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Mike Mussina: Hall of Famer?

Discussion in 'Sports and News' started by CD Boogie, Dec 8, 2016.

  1. Dick Whitman

    Dick Whitman Well-Known Member

  2. Guy_Incognito

    Guy_Incognito Well-Known Member

    And he spent his entire career in the AL East, with the DH and the best hitting teams of his time 19 times a season. I remember one year that he must have been 0-3 or 0-4 in games head to head with Pedro where he gave up around a run a game.
  3. jr/shotglass

    jr/shotglass Well-Known Member

    If he was a sports writer, he probably didn't like Mussina's stuffy Stanford frat boy act with everyone he encountered, either,
  4. JC

    JC Well-Known Member

    Definite grounds to keep him out the hall.
  5. CD Boogie

    CD Boogie Well-Known Member

    Looking at Mussina's B-R page. Dude was a top 6 Cy finisher 9 (!) times -- the first in 1992, the last in his final season (2008). He'll definitely get in eventually and should, just a matter of when.
  6. Dick Whitman

    Dick Whitman Well-Known Member

    Shottie thinks that everyone who doesn't come off like a mentally challenged spider monkey is acting too big for their britches.
  7. JC

    JC Well-Known Member

    Did he delete one of his posts?
  8. heyabbott

    heyabbott Well-Known Member

    Does he also hold the record for no hitters lost in the 9th inning with 1 or 2 outs?
    CD Boogie likes this.
  9. Dick Whitman

    Dick Whitman Well-Known Member

    No. I'm just not surprised that his indictment of Mussina includes the fact that he's a smarty pants who went to Stanford.
    YankeeFan and JC like this.
  10. The Big Ragu

    The Big Ragu Moderator Staff Member

    Mussina's HOF vote percentages so far:
    20.3 percent
    24.6 percent
    43 percent

    He is a ways from 75 percent. He has some support, and he took a step up in support last year, but it demonstrates that he is a bubble case at best. As I would suggest. I wouldn't vote for him. His best bet will be to jump into that 50+ percent range next year, 60 percent range the following year. ... and then he has 4 years left to get in. If he is close, maybe he will get the last few votes before he drops off the ballot a la Bert Blyleven.

    My biggest argument against Mussina is that he was never among the very top pitchers of his era. He also was never a guy I really wanted on the mound in the biggest games -- as a fan of the team he played for a long time for. His biggest moment came in relief in game 7 of the ALCS in 2003 in the Aaron Boone game. ... he came in with the Yanks losing and he held Boston, and the Yankees came back and won. I am not taking the performance away from him -- it was a clutch performance. But that is it for him. He seemed to shrink from big games. In that 2003 series, one of the reasons their backs were against the wall in the first place was because Mussina had gotten outpitched in his two starts in the series. Which was sort of his story as Yankee at least. I never thought it was coincidental that the Yankees run of World Series titles ended when he came along and David Cone was gone, and then Andy Pettitte went to Houston.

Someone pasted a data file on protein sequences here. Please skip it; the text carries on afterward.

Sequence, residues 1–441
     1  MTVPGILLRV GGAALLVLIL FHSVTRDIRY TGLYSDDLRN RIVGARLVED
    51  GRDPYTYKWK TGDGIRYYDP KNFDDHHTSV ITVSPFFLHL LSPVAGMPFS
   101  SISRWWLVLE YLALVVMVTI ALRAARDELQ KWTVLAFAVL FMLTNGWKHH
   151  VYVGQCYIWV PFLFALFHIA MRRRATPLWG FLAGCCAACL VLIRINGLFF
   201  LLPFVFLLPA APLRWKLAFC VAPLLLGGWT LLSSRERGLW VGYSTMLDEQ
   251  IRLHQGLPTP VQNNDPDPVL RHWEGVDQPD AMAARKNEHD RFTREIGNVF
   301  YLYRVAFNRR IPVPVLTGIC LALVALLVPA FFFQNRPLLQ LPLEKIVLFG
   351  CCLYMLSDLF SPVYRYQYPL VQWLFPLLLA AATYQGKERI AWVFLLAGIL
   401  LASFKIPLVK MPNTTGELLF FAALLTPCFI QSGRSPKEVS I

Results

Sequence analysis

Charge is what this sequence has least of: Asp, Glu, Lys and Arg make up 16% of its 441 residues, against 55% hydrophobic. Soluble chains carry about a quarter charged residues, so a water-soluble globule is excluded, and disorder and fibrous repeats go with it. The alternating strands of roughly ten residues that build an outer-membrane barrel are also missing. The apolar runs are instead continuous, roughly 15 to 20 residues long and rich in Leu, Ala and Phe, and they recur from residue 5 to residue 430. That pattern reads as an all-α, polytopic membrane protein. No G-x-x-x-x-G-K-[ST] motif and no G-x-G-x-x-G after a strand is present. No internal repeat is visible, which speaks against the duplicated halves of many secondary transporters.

11. JC

    JC Well-Known Member

    I thought it was when A-rod arrived and ruined the "culture" of that team.
  12. The Big Ragu

    The Big Ragu Moderator Staff Member

    From my vantage point as a fan. ... Their success was always predicated on pitching. In 1998, for example, they had one of the greatest teams ever. It was a year of incredible offense in baseball w/the PEDs. Bonds and McGwire had their home run race. The Yankees' top home run hitter had 28. They were a good offensive team, but it was the pitching (and the depth of pitching) that carried them. Not just starting pitching, but their middle relief. A lot of that depth disappeared by the time Mussina came along, and that isn't his fault. So the point isn't a cut and dried statement about Mussina being a "loser." The team was different by the time he came along. But at the same time. .. David Cone was a big game pitcher. El Duque was ridiculously a big game pitcher. Pettitte was a well above average post season pitcher. David Wells didn't shrink in big games. . ... Mussina didn't have that kind of personality. The Yankees needed him to be the pitcher who stepped it up those years between 2001 and 2007, and he never was that guy. He was actually pretty bad in quite a few of his post season starts.
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